Some of us who went through the antiwar struggles of the 1960s and 1970s are now active in the right-to-life movement. We do not enjoy opposing our old friends on the abortion issue, but we feel that we have no choice. . . . It is out of character for the left to neglect the weak and helpless. The traditional mark of the left has been its protection of the underdog, the weak, and the poor. The unborn child is the most helpless form of humanity, even in more need of protection than the poor tenant farmer or the mental patient. The basic instinct of the left is to aid those who cannot aid themselves. And that instinct is absolutely sound. It’s what keeps the human proposition going.
Whether you’re on the left or on the right—or an independent, as I am—it’s also vital to keep in mind what Barbara Newman has written in The American Feminist, the national magazine of Feminists for Life: “If it is wrong to kill with guns, bombs, or poison, with the electric chair or the noose, it is most tragically wrong to kill with the physician’s tools.”
Way back, a German physician and humanist, Dr. Christoph Hufeland, wrote: “If the physician presumes to take into consideration in his work whether a life has value or not, the consequences are boundless, and the physician becomes the most dangerous man in the state.” Once human life is devalued unto death, many of us born people who are sick and in need of costly care—especially as we grow older—can be left to die because our “quality of life” isn’t worth keeping us alive.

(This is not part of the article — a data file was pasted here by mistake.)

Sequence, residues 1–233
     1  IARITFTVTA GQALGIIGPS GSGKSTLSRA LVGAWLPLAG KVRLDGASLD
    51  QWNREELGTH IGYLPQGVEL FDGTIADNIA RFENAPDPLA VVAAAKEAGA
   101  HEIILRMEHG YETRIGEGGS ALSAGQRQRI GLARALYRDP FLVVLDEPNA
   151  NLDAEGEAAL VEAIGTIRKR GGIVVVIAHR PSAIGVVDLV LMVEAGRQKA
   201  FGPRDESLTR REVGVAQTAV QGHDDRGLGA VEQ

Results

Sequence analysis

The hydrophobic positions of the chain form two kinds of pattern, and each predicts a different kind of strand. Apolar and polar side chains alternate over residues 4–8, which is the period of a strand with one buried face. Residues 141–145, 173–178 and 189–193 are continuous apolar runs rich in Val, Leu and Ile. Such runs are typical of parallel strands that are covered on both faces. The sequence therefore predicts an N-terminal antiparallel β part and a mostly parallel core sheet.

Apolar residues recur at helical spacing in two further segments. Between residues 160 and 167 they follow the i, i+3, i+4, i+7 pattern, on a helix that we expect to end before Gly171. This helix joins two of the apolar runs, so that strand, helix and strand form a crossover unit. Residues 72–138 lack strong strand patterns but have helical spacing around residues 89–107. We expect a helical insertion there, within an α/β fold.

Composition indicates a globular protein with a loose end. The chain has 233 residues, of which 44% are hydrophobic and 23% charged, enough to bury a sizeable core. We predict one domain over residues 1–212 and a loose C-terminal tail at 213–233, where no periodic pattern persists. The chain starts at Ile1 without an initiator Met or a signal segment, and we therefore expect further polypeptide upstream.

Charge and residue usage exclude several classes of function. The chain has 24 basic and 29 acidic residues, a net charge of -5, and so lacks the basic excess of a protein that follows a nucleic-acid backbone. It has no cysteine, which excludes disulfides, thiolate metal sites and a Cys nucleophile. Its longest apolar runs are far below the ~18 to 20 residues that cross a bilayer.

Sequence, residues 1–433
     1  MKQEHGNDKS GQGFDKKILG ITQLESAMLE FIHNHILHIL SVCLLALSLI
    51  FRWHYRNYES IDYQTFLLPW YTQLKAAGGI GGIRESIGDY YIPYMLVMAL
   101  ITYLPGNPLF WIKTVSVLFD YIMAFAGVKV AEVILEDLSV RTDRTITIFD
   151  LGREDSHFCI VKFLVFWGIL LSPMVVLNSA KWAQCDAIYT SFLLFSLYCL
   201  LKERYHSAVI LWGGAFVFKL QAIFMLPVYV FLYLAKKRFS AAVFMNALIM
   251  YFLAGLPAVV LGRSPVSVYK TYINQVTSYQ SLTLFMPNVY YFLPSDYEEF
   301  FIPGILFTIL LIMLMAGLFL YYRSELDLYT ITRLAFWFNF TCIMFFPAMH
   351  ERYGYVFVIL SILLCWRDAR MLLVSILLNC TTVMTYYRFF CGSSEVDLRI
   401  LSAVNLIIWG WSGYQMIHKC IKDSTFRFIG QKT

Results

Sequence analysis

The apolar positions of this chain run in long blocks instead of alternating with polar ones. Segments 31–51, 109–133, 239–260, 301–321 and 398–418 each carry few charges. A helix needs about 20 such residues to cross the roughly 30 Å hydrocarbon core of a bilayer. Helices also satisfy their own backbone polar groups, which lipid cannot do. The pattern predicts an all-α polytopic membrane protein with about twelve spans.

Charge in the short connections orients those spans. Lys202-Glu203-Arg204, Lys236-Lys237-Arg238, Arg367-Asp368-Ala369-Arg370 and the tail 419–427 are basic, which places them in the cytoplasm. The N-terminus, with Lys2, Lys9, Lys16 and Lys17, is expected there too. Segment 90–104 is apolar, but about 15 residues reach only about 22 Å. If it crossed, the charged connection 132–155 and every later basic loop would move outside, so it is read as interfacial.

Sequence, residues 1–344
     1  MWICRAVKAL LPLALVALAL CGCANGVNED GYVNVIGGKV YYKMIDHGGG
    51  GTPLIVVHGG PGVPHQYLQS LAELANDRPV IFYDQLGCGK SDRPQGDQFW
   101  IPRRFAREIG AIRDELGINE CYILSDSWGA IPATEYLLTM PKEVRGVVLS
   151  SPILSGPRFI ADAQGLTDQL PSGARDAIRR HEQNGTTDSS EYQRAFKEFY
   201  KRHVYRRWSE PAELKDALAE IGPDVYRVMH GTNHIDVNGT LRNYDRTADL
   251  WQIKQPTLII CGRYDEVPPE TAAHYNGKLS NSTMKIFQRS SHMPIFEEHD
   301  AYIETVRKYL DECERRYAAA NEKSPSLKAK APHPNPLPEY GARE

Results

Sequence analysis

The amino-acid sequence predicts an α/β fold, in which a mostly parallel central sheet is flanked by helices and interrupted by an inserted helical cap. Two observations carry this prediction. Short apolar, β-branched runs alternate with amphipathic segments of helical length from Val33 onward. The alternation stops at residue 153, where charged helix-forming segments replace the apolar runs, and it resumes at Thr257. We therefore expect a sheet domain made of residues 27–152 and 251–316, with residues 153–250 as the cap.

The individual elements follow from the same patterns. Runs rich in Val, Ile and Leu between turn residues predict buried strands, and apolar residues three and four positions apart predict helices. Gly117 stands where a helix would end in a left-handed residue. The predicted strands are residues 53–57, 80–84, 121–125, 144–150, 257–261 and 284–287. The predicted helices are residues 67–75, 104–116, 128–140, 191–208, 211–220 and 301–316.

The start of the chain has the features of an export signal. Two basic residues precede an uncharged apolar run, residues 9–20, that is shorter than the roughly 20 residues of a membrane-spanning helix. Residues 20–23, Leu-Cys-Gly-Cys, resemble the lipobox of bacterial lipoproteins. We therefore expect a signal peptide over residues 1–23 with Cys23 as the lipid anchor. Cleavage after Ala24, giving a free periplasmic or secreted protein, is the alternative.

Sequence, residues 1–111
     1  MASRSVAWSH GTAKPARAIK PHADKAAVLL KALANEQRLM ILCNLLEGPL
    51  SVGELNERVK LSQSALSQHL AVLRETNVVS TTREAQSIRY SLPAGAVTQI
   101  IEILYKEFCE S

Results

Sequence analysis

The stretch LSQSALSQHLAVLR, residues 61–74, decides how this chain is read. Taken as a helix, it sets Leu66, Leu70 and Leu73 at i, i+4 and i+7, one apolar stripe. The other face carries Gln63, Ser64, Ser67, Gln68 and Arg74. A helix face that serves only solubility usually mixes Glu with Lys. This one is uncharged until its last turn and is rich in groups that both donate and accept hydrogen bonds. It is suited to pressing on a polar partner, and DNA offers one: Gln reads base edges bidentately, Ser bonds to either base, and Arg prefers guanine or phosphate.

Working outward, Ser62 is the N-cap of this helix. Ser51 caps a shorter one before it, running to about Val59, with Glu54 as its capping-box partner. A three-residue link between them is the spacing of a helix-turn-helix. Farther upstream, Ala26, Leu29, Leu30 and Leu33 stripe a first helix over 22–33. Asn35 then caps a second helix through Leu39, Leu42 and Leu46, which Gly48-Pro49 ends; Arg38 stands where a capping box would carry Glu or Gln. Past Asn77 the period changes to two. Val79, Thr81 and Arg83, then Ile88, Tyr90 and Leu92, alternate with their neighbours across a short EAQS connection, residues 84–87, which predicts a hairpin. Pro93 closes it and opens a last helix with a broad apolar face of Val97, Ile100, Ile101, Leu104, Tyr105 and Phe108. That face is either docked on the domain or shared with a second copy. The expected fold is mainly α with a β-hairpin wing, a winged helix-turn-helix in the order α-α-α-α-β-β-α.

Having been out of step all these years, I have learned the most fundamental human right is the right to life—for the born, the unborn, the elderly who refuse to give up on life. My daughter, Jessica, recently sent me a button to wear to proclaim the essence of what she and I believe to be Constitutional Americanism: “No, you can’t have my rights—I’m still using them.”
Kudos to Nat Hentoff who took the time to think his position out, be open to change and be willing to endure being an outcast.
Nat Hentoff was singularly important in my own move from a staunch, uninformed pro-choice position to a pro-life position. I am grateful to him for that.
An excellent exposition on what abortion really is and why every American should oppose it.
Thank you for this excellent column which illustrates that the heart of even an atheist can be changed by God. Make no mistake, Nat Hentoff’s view on abortion evolved over time, but not without help. Without God’s holiness there is no standard of right against wrong for God is the standard which goodness is measured against. For us to understand the difference between right & wrong, we must receive that understanding from God, whether we believe He exists or not. Without God there is no goodness. Nat Hentoff may have labeled himself as an atheist, but his heart could not resist God’s work of change. May His Holy name be praised always!
When did Mr Hentoff write this essay? Is this its first publication?
Blessings upon him—and Human Life Review.
Summer 2009—as we just added to the header! Thanks for pointing that out, and for your kind blessings!
Further applause for Mary Meehan, an old favorite. +WCook
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God bless Nat Hentoff. The world’s loss is heaven’s gain (and yes, I know he was an atheist).
So sad I am only now learning of his death. I pray that he is with the God he says he didn’t believe in. No doubt the unborn will plead on his behalf. May he rest in God eternally.